We set aside extra for the first few years as an extra "travel budget". That's easy to add to the planning without assuming one is going to spend the larger amount every retirement year.
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Old 03-07-2013, 10:33 PM   #26
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This, on the other hand, seems odd to me (my emphasis added):

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The survey also finds that, on average, respondents plan to work until they are 67 years old and expect to live to the age of 86, suggesting that they anticipate living off their retirement savings for less than 20 years. When asked directly how many years they anticipate living off of their savings in retirement, people say 21 years, on average.
Work until 67? Yuck. And they may not expect to live past 86, but if they don't plan to do so they are at severe risk for outliving their money unless the combination of SS and any pensions they may receive are comfortably more than their expenses...
I don't have a problem with the quote. You are talking about what people should plan for while the quote is asking what they expect and anticipate. It is reasonable to expect to live to 86. In fact, that is a little over optimistic for a 67 year old.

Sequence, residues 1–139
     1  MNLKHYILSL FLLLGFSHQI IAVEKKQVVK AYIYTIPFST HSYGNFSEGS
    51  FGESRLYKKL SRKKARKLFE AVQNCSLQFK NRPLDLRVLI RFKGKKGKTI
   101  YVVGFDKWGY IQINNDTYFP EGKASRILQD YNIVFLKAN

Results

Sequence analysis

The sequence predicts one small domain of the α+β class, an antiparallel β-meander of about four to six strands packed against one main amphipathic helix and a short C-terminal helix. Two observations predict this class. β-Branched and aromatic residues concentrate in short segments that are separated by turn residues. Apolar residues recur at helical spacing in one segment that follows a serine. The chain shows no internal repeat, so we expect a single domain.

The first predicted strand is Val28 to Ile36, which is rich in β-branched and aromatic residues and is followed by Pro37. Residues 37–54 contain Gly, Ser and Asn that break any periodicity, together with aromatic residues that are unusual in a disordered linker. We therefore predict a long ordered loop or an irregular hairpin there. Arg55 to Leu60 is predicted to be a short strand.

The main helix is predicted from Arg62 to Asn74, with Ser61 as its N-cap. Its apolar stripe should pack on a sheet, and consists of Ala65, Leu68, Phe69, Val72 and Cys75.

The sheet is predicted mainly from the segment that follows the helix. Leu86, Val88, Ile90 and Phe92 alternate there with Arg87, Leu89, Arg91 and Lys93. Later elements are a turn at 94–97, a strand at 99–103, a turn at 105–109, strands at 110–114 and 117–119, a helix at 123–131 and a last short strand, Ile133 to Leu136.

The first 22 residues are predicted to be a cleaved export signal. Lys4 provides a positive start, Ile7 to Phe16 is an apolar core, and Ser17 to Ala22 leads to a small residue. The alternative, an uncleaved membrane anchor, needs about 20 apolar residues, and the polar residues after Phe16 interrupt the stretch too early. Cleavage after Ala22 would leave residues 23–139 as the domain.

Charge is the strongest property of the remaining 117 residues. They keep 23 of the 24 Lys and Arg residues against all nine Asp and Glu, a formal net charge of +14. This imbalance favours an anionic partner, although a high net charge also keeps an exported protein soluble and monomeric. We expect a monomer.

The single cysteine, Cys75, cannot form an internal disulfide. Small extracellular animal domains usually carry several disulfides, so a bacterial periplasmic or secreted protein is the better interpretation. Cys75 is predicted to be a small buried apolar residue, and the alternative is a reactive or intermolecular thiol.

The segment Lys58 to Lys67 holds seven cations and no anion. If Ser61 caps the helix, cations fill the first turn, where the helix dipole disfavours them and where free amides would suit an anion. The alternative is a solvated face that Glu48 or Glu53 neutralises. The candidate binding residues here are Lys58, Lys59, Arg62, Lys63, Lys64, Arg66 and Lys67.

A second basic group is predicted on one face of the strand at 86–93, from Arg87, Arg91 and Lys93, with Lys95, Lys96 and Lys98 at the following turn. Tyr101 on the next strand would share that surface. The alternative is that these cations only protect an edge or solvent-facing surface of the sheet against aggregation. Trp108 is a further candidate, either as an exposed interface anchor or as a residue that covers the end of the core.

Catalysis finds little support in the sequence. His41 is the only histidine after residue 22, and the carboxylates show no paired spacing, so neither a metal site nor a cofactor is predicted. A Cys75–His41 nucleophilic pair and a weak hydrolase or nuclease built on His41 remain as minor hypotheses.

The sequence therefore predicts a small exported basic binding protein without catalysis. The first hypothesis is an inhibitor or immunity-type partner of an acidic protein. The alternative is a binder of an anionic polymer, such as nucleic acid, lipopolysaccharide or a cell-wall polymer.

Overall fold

Actuarial Life Table

It would not be reasonable to expect to live to 95 or 100. However, it would be reasonable to plan to live to 95 or 100. However, I don't see the quote as saying that people should only plan to live to 86.
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Old 03-08-2013, 03:55 AM   #27
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Methinks these writers, as usual, underestimate the amount of that income that is not spent, but rather saved for retirement. AND they conveniently forget the drop in taxes after retirement - especially with lower income.
I wonder why we don't read many news articles about retirees who have far more money in retirement than they anticipated having.
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Old 03-08-2013, 04:48 AM   #28
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I don't know where to start. First of all using current income to project retirement needs is irresponsible to say the least. My DW and I saved over 50% of our income in our peak years and currently live on less than that just prior to retirement. It's all about expenses in relation to income. These clowns can't grasp that there are actually people out there who do not spend every cent they make.
As far as healthcare goes -who knows. At some point you have to take a leap of faith and go for it. I'm getting closer.
+1

We knew to stay clear of one potential financial consultant when they did not want to take into account our living on 60% of our income as a reason why we would not need 80-90% of our income in retirement.
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No, I Don't Think So....
Old 03-08-2013, 06:22 AM   #29
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No, I Don't Think So....

I guess the financial #s make my husband and me appear to be "affluent." (Yup, those Fisher Investment reps. worked on us for at least a year, trying to get us signed up ASAP.) But we've never viewed ourselves as better off than middle class.